I can feel the wind trying to guide us along its own path. “Let’s turn to the left… See that? It’s a good day for flying.” The Appalachians are beautiful, rising out on the horizons. It’s strangely clear today. “Try using one hand to guide the steering.” I’m turning left, leaning toward a couple thousand feet of freefall.

“Believe me,” Hughett goes on. “It’s not that bad. You’ll think that, because you push down on the yoke and the nose goes down or the nose comes up severely, that everything is just going to end, but it’s not. It’s not that bad of a situation. We’ve got plenty of altitude below us. The airplane’s not going to suddenly go into a barrel roll or anything like that.”

My hands are still glued to the yoke, but I can finally enjoy the view. Guess I’m relaxing, although I probably don’t look like it. Downtown Knoxville is so small up here. Kingston Pike looks skinnier than I had imagined it would from above, as it stretches westward. The river sparkles—for once it seems, well, clean.

“Pull out the throttle slowly, I’ll tell you when to stop. We’re going into a climb.”

The nose goes up; engine roars triumphantly. I know I’m just in the kiddy pool as far as flight instruction goes, but it’s still thrilling. The movies, they’ve portrayed airplanes so poorly. If there’s even a slight mechanical problem onscreen, the airplane immediately goes into a spiraling dive straight toward the ground. Cue the screams. In the real world, it just doesn’t happen that fast.

In 1902, Wilbur Wright said, “What is chiefly needed is skill rather than machinery.” But if I can fly, then things have drastically changed in the last 100 years. Top ace studs no longer have a monopoly on the pilot’s seat.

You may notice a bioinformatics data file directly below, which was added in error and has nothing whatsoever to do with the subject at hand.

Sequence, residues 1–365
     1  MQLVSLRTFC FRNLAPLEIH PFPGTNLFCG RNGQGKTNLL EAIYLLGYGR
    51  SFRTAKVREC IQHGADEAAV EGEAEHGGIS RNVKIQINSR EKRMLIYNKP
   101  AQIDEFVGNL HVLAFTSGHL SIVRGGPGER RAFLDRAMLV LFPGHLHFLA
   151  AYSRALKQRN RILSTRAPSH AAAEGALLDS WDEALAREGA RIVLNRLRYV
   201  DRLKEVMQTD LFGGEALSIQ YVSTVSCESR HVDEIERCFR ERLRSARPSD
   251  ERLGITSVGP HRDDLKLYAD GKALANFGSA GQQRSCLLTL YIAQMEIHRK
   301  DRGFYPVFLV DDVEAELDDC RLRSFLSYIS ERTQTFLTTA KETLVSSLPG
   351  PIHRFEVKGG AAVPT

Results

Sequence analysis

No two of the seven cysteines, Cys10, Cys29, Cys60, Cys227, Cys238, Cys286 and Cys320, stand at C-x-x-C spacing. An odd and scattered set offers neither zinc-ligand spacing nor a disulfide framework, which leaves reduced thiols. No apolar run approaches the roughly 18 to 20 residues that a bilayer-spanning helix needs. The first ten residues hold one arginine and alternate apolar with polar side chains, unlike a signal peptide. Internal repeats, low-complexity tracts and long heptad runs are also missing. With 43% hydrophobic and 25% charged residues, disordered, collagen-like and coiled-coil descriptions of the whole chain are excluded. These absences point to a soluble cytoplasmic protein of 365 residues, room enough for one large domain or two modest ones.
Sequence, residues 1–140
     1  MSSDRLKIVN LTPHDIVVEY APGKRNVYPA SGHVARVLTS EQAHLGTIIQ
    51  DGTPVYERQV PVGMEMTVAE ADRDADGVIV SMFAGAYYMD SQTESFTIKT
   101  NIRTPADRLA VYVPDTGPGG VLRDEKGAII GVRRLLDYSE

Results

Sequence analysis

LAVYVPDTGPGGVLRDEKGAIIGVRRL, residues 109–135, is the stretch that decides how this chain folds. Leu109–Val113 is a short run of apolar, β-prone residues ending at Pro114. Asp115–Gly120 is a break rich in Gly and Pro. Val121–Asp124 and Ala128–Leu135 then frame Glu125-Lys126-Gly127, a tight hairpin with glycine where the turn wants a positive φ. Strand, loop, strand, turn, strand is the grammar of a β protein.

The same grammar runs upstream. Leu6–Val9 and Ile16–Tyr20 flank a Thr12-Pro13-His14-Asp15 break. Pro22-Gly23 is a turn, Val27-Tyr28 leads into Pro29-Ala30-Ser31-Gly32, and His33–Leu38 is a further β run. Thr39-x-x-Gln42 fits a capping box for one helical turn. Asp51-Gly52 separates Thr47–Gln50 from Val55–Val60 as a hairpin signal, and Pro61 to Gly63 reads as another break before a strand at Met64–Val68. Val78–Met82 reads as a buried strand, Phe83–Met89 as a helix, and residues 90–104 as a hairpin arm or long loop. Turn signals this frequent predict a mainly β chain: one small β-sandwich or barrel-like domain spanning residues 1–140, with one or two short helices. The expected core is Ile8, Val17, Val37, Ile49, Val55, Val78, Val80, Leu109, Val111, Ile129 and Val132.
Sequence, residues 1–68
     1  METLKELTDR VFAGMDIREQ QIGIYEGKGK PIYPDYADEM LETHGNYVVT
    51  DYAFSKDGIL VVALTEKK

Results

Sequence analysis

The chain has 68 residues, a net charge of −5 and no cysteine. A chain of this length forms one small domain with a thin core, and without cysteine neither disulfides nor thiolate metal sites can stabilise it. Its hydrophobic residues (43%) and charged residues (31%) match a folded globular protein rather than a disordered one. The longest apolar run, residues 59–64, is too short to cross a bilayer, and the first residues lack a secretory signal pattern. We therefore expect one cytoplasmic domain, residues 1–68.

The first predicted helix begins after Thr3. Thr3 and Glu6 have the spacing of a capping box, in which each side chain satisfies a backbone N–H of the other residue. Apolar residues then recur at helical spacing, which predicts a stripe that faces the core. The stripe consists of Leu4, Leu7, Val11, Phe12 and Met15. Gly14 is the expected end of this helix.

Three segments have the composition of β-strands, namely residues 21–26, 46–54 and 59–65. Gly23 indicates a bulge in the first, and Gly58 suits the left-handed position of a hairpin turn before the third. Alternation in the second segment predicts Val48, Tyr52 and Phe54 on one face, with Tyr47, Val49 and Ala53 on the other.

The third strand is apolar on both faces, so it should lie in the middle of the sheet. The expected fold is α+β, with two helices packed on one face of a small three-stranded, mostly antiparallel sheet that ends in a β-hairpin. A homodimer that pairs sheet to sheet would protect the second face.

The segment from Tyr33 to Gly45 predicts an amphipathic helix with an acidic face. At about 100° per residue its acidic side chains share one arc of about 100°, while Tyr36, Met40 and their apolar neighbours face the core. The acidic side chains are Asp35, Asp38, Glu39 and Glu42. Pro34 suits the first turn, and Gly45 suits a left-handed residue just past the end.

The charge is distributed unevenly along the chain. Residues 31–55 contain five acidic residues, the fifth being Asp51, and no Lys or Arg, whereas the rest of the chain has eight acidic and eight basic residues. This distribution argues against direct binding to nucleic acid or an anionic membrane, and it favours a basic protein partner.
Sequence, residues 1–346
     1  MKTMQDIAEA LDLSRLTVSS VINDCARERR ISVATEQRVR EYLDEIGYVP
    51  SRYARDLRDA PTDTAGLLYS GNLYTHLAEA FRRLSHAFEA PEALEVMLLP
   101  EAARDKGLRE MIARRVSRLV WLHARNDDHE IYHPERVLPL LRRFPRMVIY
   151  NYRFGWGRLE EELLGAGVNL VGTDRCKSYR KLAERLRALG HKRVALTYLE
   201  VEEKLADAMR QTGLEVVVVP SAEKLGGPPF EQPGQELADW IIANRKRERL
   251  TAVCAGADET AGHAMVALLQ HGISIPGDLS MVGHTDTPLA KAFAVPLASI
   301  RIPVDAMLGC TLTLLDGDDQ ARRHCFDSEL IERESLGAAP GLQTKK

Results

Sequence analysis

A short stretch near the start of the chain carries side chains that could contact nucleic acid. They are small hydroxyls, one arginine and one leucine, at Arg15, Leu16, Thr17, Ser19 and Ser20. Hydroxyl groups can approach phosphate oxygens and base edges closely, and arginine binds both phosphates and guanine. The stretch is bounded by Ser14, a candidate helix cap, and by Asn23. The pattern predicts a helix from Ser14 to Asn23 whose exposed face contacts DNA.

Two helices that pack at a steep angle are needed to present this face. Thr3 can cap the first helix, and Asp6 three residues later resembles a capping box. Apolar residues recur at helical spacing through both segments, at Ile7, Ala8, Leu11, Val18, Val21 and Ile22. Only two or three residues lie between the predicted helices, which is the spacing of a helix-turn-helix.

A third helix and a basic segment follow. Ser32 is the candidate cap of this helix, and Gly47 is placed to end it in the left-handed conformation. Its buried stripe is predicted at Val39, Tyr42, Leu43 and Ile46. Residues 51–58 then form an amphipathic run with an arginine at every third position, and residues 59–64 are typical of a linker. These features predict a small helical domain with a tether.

In a calm sea every man is a pilot. —John Ray

“I like the freedom,” Hughett tells me. “I like to go up in the air and look at things from above, get a whole different perspective. One of my favorite things to do is to go fly in the mountains. On a pretty day, light winds, go over the Smokey Mountains. It’s just so beautiful. It’s my way to get away from the world. You start to put everything into perspective. The world is not that big.

“That’s basically it….”

We come in for the landing, and Hughett throttles way down. I can no longer hear the engine roar, and the wind takes over, trying to push us off target. The silence is eerie, until the wheels touchdown. I don’t think Hughett thought twice about it. No problem.

So, You Wanna Be a Pilot? Brandon Hughett, the Director of Flight Operations at the Knoxville Flight Training Center, spends most of his time behind a desk these days. He doesn’t get in the air as often as he used to, but he’s still a pilot. They may not describe him as having ice water in his veins, but when he’s flying, he’s about as cool as they come.

“I had about 12 hours of flight training when I first soloed an aircraft,” Hughett says. “I remember as I started down the runway and pulled the yoke back and lifted off, I looked down at the ground and said, ‘I really got to do this now.’

“I was a little nervous, because it was something new. Anything new, you’re scared to death. I kept getting relaxed and more comfortable with it.”

Hughett has been teaching aviation newbies for six years now. It was a dream that began in the seventh grade, when his history teacher told the class about his recent flying lessons. It’s an image that stuck with Hughett all through high school, until he became a certified private pilot in 1997.

“The first thing we do is sit down and look at the curriculum, to find out what we’re going to accomplish,” he says of the program offered at Knoxville Flight Training Center. “I also ask the students what their goals are with flying…. Many times their goals are just for pleasure. Sometimes it’s for business. Some of the goals might be for a career change. You might be looking to go to the airlines to fly professionally. We have to instruct with the students’ goals in mind.”

Some important points to keep in mind beforehand: 1) There’s a minimum of 40 hours flight time before you can get certified. The average person flies one or two times a week, about an hour at a time. 2) Ten of those hours must be done solo. 3) It averages $130 an hour to work toward a pilot’s license. 4) It’ll cost between six and seven thousand dollars to get a pilot’s license.

Visit www.knoxflight.com or www.projectpilot.org . —K.C.